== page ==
Dodgers hire Andrew Friedman: The view from Tampa Bay.

Andrew Friedman

The Dodgers named Andrew Friedman their President, Baseball Operations on Tuesday. (Associated Press photo)


The Dodgers’ poaching of Andrew Friedman from the Tampa Bay Rays’ front office produced a predictable ripple effect in Florida. Call it somewhere between a minor tsunami and a major tidal wave.

How big is losing Friedman to the Rays? “It’s a huge loss,” said the man who’s replacing Friedman, Matt Silverman. Silverman also called the announcement “difficult and emotional.”

Tampa Tribune columnist Martin Fennelly writes that owner Stuart Sternberg — not Friedman, not manager Joe Maddon — is the linchpin to the Rays’ small-market success. Yet another local scribe called Friedman “the Rays’ MVP.”

Mark Topkin of the Tampa Bay Times compiled a list of Friedman’s best and worst transactions as the Rays’ GM.

Dodgers reliever J.P. Howell reflects fondly on his time in Tampa Bay.

J.P. Howell

Dodgers reliever J.P. Howell pitched for the Tampa Bay Rays from 2006-12. (Getty Images)

When J.P. Howell was traded to the Tampa Bay Devil Rays in 2006, he was a “failing starter” making the major league minimum. When he left as free agent to sign with the Dodgers before this season, he was a southpaw specialist pitching out of the bullpen and making $2.85 million.

So there really are no sore feelings toward the Rays, the Dodgers’ opponent this weekend.
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A content James Loney returns to Dodger Stadium.

James Loney

James Loney was drafted 19th overall by the Dodgers in 2002, and played in Los Angeles from 2006-12. (Getty Images)


Dodgers pitcher J.P. Howell and Tampa Bay Rays first baseman James Loney were sitting in opposite clubhouses Friday. They were never traded for each other, but they have effectively swapped spots: Loney appeared in parts of seven seasons for the Dodgers from 2006-12, while Howell pitched for the Rays from 2006-12.

Both said the same thing about playing in Tampa.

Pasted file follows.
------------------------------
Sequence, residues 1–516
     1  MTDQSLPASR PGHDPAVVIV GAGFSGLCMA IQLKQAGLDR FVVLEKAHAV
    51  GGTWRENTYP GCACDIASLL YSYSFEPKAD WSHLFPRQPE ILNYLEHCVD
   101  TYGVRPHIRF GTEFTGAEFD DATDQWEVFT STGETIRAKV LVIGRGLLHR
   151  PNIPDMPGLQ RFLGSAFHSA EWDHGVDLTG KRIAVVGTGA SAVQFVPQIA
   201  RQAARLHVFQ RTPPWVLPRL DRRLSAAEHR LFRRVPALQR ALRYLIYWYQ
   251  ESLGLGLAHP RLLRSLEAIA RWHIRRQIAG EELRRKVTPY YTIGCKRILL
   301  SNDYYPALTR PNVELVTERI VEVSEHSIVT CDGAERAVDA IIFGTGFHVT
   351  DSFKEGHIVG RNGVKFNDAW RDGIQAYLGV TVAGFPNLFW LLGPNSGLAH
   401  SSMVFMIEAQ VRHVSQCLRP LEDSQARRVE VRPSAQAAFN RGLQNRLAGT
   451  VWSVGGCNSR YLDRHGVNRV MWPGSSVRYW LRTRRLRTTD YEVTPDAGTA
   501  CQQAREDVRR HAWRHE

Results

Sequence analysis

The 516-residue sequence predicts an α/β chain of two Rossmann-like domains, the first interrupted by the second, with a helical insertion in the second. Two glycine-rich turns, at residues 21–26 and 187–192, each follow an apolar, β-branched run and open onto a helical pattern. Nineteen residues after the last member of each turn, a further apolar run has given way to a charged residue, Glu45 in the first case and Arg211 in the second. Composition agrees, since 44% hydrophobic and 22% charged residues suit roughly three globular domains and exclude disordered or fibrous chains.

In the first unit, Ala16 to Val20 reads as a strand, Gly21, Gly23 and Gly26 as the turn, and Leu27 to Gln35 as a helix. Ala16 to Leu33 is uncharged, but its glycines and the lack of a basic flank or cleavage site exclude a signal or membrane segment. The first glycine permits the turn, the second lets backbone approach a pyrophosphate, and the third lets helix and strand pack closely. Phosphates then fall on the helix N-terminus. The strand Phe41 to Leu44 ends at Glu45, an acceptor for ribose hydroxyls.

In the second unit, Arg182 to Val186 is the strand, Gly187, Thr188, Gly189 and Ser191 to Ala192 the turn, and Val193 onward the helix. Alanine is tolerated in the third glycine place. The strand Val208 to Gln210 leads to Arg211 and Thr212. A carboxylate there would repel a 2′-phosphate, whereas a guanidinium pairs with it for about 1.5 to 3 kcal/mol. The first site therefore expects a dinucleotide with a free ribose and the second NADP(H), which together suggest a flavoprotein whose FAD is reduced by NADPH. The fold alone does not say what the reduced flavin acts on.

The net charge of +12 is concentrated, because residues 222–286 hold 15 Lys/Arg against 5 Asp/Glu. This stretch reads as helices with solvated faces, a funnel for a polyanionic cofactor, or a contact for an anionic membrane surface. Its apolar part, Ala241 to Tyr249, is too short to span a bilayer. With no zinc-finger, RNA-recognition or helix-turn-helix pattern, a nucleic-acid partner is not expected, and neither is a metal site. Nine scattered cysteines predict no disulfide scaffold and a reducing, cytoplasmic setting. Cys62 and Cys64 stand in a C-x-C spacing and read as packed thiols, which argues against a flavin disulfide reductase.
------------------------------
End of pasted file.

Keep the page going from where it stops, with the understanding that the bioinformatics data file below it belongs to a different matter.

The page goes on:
“You always want to be yourself. (Manager Joe Maddon) is real big on that,” Loney said.

Howell elaborated: “Sometimes where people [on other teams] give up on (players), they go to Tampa and they get another chance, and they’re allowed freedom to be themselves, create who they want to be when they first started their career. … That’s what happened in my case.”

That seems to be the case with Loney, too.

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Daily Distractions: Let’s go streaking.

Kenley Jansen

Dodgers closer Kenley Jansen retired 27 straight batters, a streak that ended Thursday night. (Getty Images)

The Dodgers have racked up a lot of streaks lately, enough to put a fraternity house to shame. The top five, in my opinionated order:

1. 15 straight road wins. This streak ended Tuesday in a 5-1 loss, curiously the only game in St. Louis started by Clayton Kershaw, the presumptive Cy Young award favorite. The Dodgers fell three games short of a major league record but created eight bottom-of-the-ninth save situations in the process, making a hero of Kenley Jansen. More on him … now.

2. Kenley Jansen’s 27 straight outs: This one ended last night, ensuring that Mark Buehrle‘s record of 45 straight batters retired is safe. (Bobby Jenks still holds the record for relievers with 41.) Eric Stephen at TrueBlueLA.com charted each out today, while Evan Bladh at Opinion of Kingman’s Performance reminded me that the streak began rather inauspiciously in Toronto.

3. Fourteen straight series at .500 or better (10 wins, 0 losses, 4 ties). Managers tend to think in terms of series, and players do to an extent, but I think for many fans this concept is harder to grasp. Consider that when the streak began June 23, the Dodgers were in fifth place in the National League West. Since then, the Dodgers have only played one team (Arizona) that was in first place at the time of the series — so they were all series that a good team would expect to win. The Dodgers simply weren’t a good team when the streak began.

4. Eleven straight wins in one-run games. Again, this is largely due to Jansen and a bullpen that has held batters to a .179 batting average since the All-Star break. Paco Rodriguez has faced 33 batters in the second half and five have reached base.

5. Yasiel Puig‘s 16 straight games reaching base. Nobody’s talking about this one because it’s only 16 games, but those 16 games have seen Puig walk 12 times and reach base at a .520 clip. He’ll go for number 17 tonight.

Some bullet points for a Singaporean Independence Day:
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